My dear colleague Alyssa said perhaps all that needs to be said about Adam Corolla’s pathetic excuse for a comedic mind, but his continued presence in the mainstream media this week — a bizarre phenomenon I’m convinced owes entirely to the fact that he is straight, white, male, and loud — unfortunately demands a bit of further discussion. In an appearance on CBS’s The Talk this week, Sara Gilbert (the Roseanne star who came out as a lesbian in 2010), confronted Corolla on the offensive way he talks about the LGBT community. He gave this illuminating response:
COROLLA: If somebody says to me, ‘What do you think of your mother-in-law,’ and I go, ‘Oh, she’s a delight, I love her dearly,’ nobody laughs. So if they say, ‘What do you think of Chaz Bono,’ I have to say something that’s horrible, so I can get a laugh. And everyone goes, ‘oh, that’s what you think?’ Nice doesn’t get laughs, especially on stage…When did we start holding comedians up to the level of politicians and teachers? We’re supposed to say these things…we make no policies. I don’t control anything. I just tell jokes.
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It’s refreshing to hear Corolla confirm that the only way he knows how to get laughs is to be horrible, but his remarks are telling. (For the record, plenty of straight comedians — Louis CK, Dave Chapelle, Lewis Black, Jon Stewart, etc. — have no trouble getting laughs with LGBT-friendly bits.) The entire reason he believes he can say whatever he wants about women, LGBT people, or whoever is because in his understanding of the world, he bears no accountability for his words. Unfortunately, in this regard, he seems to be correct. He can’t lose an election like a politician, nor can he be fired like a teacher. In fact, the entertainment industry rewards him for his poor taste and outlandish remarks, as evidenced by this very interview.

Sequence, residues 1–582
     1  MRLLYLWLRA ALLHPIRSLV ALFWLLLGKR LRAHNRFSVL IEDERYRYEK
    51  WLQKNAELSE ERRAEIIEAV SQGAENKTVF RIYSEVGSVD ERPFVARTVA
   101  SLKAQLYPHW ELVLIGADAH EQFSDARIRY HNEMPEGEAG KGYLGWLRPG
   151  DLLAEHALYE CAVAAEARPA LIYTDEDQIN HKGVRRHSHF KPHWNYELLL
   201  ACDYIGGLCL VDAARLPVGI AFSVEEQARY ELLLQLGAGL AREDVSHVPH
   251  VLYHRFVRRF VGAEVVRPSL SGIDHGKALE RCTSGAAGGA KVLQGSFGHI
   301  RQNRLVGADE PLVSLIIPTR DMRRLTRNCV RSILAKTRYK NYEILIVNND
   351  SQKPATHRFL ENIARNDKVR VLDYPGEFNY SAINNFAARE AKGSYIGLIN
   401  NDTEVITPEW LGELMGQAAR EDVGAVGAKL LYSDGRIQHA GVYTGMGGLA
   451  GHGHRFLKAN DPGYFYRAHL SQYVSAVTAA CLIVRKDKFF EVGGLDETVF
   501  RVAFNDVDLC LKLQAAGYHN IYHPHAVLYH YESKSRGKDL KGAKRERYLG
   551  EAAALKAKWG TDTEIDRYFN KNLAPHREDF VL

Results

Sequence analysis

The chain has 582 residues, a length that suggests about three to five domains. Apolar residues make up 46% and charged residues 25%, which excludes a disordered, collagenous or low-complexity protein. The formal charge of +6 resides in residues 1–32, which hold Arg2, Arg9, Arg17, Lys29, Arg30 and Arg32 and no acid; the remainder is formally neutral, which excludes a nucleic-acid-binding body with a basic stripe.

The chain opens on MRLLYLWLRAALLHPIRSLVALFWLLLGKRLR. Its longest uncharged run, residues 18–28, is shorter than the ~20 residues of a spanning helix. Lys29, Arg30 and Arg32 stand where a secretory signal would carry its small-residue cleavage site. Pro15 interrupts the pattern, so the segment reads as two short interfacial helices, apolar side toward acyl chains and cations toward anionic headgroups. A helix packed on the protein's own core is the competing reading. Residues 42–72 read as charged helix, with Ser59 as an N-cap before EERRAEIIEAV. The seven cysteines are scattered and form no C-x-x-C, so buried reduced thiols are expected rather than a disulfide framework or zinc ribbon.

The Adam Corollas (or Tracy Morgans) of the world don’t have to care about the trans kid whose parents reject her or the gay kid whose classmates bully him, because nothing in the entertainment industry compels them to. But they’re wrong if they think what they say doesn’t have a profound influence on society and public discourse. If Adam Corolla truly believes that the only impact of his “jokes” is the uncomfortable laughter he derives from his audiences, then he is as narrow-minded about the world as he is unfunny.